Early Riser (oz9346)
About this Plan
Early Riser. 100S Class themal soarer for two function radio using all flying V-tail.
Quote: "BY MAKING specific restrictions on the number of control functions, and on the maximum size of the models to be used, the 100S class of glider has brought truly competitive flying within the reach of all thermal flyers. The comparatively small size of the models keeps the airframe costs down and, with just two-function radio required, 100S soaring becomes one of the most economic of all r/c model classes. The Early Riser has a two-piece wing, making for easier transport, and uses a sliding servo mixer to obtain the correct-action on the all-moving tail surfaces.
There is nothing unusual about building, so let's get right into the constructional side of things.
CONSTRUCTION: Fuselage: Carefully choose the medium-hard 3/16 balsa for the fuselage, to ensure that the sides will be equally matched. Splice together the front and rear sections of the sides, and add the triangular-section longerons. Cut out the one and only bulkhead, and the top decking from 1/2 in balsa sheet. With careful cutting, two decks can be cut from one 3 x 36 in sheet, a good excuse for making a spare fuselage!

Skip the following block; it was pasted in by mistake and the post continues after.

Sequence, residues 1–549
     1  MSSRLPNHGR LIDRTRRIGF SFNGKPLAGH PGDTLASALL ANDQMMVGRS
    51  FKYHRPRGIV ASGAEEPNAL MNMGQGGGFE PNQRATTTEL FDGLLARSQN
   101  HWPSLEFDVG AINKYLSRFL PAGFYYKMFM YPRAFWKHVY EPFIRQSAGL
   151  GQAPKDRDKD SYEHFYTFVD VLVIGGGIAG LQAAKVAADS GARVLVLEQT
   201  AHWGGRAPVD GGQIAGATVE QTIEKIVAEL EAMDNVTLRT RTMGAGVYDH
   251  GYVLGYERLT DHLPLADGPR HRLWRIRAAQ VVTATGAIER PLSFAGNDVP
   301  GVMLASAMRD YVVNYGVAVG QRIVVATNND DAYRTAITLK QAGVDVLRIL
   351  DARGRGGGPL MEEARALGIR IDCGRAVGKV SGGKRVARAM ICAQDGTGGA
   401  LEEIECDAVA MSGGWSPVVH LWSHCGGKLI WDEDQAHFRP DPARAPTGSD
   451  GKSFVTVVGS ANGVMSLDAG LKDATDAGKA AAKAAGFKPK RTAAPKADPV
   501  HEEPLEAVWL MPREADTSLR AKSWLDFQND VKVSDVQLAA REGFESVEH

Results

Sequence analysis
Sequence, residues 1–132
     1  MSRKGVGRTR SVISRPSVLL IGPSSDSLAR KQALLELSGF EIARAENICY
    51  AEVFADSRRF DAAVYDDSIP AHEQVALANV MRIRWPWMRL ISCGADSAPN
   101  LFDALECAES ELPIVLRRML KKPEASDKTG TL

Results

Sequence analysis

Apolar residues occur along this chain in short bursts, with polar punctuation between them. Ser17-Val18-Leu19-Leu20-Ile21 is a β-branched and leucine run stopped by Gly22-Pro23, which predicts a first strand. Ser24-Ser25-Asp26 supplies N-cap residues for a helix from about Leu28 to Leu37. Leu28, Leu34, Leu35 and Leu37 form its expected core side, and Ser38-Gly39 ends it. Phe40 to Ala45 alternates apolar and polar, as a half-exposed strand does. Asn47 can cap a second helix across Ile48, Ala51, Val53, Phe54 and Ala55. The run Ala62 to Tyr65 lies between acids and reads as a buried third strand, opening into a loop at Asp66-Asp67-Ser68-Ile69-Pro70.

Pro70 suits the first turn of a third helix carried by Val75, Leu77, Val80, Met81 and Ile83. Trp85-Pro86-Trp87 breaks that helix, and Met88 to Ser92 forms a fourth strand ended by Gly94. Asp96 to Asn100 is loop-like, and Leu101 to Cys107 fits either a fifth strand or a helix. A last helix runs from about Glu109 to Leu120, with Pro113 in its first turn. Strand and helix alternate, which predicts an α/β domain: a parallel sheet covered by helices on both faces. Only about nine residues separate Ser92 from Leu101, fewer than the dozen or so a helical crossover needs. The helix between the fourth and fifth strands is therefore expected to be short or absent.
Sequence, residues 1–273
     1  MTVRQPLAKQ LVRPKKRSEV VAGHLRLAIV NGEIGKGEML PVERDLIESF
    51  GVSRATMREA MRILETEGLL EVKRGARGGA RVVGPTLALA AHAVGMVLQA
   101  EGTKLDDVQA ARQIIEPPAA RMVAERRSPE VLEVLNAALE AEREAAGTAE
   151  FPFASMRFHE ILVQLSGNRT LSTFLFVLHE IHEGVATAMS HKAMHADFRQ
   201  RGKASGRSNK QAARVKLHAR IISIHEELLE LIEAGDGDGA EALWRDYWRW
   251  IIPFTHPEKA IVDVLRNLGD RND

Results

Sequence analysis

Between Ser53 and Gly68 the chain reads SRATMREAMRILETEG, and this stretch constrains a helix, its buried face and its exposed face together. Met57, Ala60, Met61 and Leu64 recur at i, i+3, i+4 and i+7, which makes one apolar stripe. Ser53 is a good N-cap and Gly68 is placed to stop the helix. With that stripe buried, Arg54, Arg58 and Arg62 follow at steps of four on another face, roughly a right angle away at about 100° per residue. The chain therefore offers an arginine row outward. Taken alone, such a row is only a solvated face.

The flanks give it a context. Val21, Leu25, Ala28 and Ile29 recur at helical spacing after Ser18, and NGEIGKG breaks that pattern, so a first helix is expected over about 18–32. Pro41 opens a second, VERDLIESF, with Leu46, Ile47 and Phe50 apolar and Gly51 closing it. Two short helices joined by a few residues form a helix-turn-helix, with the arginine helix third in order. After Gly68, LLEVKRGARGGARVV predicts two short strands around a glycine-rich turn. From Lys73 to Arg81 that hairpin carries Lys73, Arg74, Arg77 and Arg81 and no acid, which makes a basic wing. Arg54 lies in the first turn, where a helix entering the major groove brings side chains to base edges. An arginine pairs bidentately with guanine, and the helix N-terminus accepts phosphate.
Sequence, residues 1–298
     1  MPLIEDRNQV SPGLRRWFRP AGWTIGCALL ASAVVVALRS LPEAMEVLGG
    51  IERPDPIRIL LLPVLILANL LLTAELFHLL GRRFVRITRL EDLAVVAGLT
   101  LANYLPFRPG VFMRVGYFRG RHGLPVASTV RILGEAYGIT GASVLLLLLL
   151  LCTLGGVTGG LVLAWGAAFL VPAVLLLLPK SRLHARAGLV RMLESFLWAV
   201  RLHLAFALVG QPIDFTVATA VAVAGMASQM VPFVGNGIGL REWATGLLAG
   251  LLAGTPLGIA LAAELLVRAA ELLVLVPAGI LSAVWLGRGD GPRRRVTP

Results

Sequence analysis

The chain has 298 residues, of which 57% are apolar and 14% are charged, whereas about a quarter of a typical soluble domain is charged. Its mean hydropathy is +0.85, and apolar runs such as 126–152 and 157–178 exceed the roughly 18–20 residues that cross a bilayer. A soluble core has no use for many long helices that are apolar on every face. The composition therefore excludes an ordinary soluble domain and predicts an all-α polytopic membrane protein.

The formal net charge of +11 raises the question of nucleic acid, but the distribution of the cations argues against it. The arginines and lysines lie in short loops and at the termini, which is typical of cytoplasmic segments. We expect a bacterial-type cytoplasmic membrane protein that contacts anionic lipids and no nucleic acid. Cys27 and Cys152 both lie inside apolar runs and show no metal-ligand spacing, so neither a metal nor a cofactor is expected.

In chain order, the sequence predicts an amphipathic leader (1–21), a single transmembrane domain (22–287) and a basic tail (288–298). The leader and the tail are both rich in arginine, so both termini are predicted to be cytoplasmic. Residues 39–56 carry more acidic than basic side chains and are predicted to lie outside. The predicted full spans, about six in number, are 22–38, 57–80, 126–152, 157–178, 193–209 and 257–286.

It's at this point that the sequence changes slightly from normal. Place the sides, top down, over the plan view of the fuselage and, using scrap sheet as spacers, pin the fuselage sides the correct distance apart at the wing bay ends, top and bottom of the fuselage. Now draw the nose together and glue in the nose bulkhead (not worth calling it 'F1'); also pull in the rear sides to the tail block. Add the cross-grain sheeting to the underside, hard sheet from the nose to the rear of the wing bay, softer sheet from there to the tail. Cut the front face of the top decking to the correct angle, remove the temporary spacers, and glue the wing seat doublers into place followed by the top decking. Now the fuselage may be carved and sanded to final shape. Fit the 'outers' for the cable linkage to the tail and epoxy them securely at each end.
Give the inside of the fuselage from the rear of the wing bay forwards a liberal coat of clear dope. Cut a piece of heavyweight glassfibre mat to fit within the fuselage area previously doped. Stipple in plenty of resin to ensure that the mat takes up the exact contours of the interior. Before the resin sets, add the top block between the wing bay and the canopy. I can certainly guarantee one thing - if the interior is not reinforced the fuselage will break in half in a very short period of time.
The canopy may now be added, first the 3/16 sheet base and then the 1/2 in soft block to make up the outline. After carving to shape..."
Early Riser, Radio Modeller, January 1980.
Direct submission to Outerzone.
Supplementary file notes
Article pages, thanks to RFJ.
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